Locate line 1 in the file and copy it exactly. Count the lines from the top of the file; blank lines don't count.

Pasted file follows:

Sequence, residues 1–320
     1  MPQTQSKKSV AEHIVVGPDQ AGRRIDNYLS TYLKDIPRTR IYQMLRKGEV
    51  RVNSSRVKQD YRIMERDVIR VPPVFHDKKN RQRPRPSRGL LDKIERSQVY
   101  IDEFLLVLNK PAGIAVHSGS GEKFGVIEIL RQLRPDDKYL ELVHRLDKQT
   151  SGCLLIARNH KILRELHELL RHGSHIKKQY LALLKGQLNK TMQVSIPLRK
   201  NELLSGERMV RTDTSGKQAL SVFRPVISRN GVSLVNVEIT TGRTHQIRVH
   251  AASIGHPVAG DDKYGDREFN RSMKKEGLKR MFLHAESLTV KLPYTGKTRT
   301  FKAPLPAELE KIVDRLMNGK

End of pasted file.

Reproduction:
Sequence, residues 1–320